A pro-worker agenda must treat families, not individuals, as the basic units of public policy.
Politicians of both parties claim to support “working families.” But the existing American social contract—the synthesis of labor market laws and norms and welfare programs and social insurance systems—treats the individual, not the married couple or the extended family, as the unit of public policy. The ideal of elite progressives and business-class conservatives is the dual-earner family, which requires children to spend most of their waking hours with paid strangers as caregivers and turns the family home into a dormitory used on nights and weekends by parents and children leading essentially separate lives.
Defenders of the American working class against the economic and social imperialism of the overclass must make it clear that to be pro-worker is not to help workers as isolated individuals, but to help workers as members of families that are treated as the basic units of public policy.
America’s working-class majority did not seek to replace the dominant single-earner, “breadwinner” family of the mid-twentieth century with today’s dual-earner family. Instead, it has been imposed on Americans over the last half-century by the college-educated managerial overclass, whose interests it serves and whose values it embodies. To begin with, the jobs of professional-class women are much more personally fulfilling and better paid than those of working-class women; it is one thing to be a groundbreaking female pioneer in technology or business or law, and another to be a fry cook or store clerk or warehouse worker. Upper-income families with two well-paid professionals can afford to delegate childrearing to au pairs, nannies, or preschool and afterschool programs.
But the dual-earner system fails the working-class majority of Americans—parents and children, native and foreign-born alike. Instead of receiving intense care and attention in their early years from one or both parents, all too many American children are dumped in toddler warehouses, often staffed by low-paid, poorly educated child-minders—perhaps with one supervising a dozen or two children—while both of their parents work in low-wage, dead-end jobs. Sacrificed to the profits of the rich and the careerism of the professional class, the residual family life of the working-class majority is squeezed into nights and weekends.
Despite its relentless promotion by the bipartisan American ruling class, most Americans stubbornly persist in rejecting the two-earner household as a norm. As the American Compass Home Building Survey finds, they prefer a system that allows one parent to work part-time or not at all, in order to devote personal care to the children. A 2015 Gallup poll confirms this basic finding. It showed that more than half of American women with children under the age of 18 preferred to stay home over working, if given the opportunity. According to the same poll, 39 percent of women without children under 18 said they would prefer to be homemakers rather than workers.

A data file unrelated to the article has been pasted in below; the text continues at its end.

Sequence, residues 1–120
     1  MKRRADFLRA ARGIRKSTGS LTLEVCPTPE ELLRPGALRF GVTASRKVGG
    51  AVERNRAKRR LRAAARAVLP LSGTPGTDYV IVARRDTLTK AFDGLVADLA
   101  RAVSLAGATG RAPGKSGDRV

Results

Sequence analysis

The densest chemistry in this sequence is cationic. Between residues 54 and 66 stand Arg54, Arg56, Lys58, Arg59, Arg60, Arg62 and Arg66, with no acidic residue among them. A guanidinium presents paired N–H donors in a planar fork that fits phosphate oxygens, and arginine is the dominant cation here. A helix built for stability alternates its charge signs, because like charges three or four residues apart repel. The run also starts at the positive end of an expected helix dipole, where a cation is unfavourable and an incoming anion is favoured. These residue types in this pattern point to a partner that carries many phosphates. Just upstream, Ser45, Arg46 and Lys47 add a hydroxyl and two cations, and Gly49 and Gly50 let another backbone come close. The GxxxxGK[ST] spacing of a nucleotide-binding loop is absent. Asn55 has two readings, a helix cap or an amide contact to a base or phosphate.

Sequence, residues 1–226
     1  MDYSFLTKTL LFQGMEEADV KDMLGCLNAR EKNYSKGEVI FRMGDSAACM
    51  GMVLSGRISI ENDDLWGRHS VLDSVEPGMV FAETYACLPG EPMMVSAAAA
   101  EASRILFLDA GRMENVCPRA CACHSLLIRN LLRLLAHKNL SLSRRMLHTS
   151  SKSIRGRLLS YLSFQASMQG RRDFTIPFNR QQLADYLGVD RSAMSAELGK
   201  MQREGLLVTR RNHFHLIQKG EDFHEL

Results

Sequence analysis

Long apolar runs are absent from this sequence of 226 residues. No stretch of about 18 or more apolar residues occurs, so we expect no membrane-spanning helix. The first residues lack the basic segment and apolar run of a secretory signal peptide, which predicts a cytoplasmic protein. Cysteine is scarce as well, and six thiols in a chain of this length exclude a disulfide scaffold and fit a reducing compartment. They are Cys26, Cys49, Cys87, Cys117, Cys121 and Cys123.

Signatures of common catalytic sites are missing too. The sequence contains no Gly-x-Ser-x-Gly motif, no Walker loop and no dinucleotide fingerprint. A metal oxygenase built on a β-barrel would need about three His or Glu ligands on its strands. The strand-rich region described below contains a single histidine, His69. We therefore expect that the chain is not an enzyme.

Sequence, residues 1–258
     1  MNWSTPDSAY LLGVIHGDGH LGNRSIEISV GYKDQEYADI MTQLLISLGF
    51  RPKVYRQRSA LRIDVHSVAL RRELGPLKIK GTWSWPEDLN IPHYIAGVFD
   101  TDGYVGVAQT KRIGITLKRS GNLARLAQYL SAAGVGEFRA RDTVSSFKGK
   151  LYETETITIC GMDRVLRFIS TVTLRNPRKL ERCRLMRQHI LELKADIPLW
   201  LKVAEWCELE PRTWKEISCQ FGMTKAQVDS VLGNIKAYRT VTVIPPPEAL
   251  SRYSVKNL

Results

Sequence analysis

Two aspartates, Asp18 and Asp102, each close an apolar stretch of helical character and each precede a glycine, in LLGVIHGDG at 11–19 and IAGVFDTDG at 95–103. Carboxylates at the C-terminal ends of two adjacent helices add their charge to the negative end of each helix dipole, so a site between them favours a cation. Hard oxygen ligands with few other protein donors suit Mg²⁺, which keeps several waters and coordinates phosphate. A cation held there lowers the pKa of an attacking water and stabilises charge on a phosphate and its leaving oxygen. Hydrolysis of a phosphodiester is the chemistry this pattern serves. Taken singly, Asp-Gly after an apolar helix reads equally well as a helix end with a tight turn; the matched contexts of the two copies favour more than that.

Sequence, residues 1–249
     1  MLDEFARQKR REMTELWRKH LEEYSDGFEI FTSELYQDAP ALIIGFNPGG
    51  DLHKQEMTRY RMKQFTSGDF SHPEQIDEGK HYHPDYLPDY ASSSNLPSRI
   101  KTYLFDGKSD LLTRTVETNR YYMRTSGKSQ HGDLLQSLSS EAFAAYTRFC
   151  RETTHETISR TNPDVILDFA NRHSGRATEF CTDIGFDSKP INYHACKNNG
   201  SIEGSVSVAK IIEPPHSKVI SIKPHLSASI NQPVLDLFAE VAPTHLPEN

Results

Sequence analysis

“Defenders of the American working class against the economic and social imperialism of the overclass must make it clear that to be pro-worker is not to help workers as isolated individuals, but to help workers as members of families that are treated as the basic units of public policy.”
In addition to being unpopular with most Americans, the dual-earner system may tend to suppress the U.S. birth rate among all races, with the exception of highly fecund religious sectarians. According to Gallup, the ideal number of children cited by Americans was 3.5 from the 1930s to the 1960s and has fluctuated around 2.5 or 2.6 since then. In 2017, however, the total fertility rate (TFR) in the U.S. was only 1.7 and has been falling, despite the contribution of immigrants with slightly higher fertility rates than natives (immigrants tend to assimilate to low native fertility rates over time).
Why do Americans say they want more children than they actually have? The demographer Lyman Stone has argued that a chief cause is falling marriage rates. This decline cannot be attributed solely to changes in cultural norms. The role of economics in enabling marriage and stable family life is evident from class differences in marriage. Working-class and poor Americans are much less likely to marry and remain married than affluent Americans.
Nevertheless, the unspoken goal of neoliberal labor-market and welfare policy, shared by many libertarians and left-wing feminist opponents of the traditional family, has been to ensure that all mothers will be encouraged by economic necessity, government work requirements, and cultural shaming to working full-time. Does the American economy benefit from pushing the mothers of young children into dead-end, low-wage service jobs? Certainly national Gross Domestic Product (GDP) grows when activities like child care are performed by paid labor in the marketplace—unlike the unpaid labor of family members in the home.
But from the point of view of national economic development, overall GDP is less important than labor productivity per worker, which for the most part results from combining workers with advanced technology or using machines or software to replace them. In the long run, technology-enabled productivity growth is the only sure way to increase national incomes—assuming that the gains from growth are widely distributed, in the form of wages, falling prices, or after-tax redistribution.
The two goals of maximizing adult participation in the workforce to boost overall GDP and boosting greater labor productivity per worker thus come into conflict when a flooded labor market allows employers to pay lower wages and deprives them of an incentive to adopt labor-saving technological innovations or labor-sparing organizational innovations.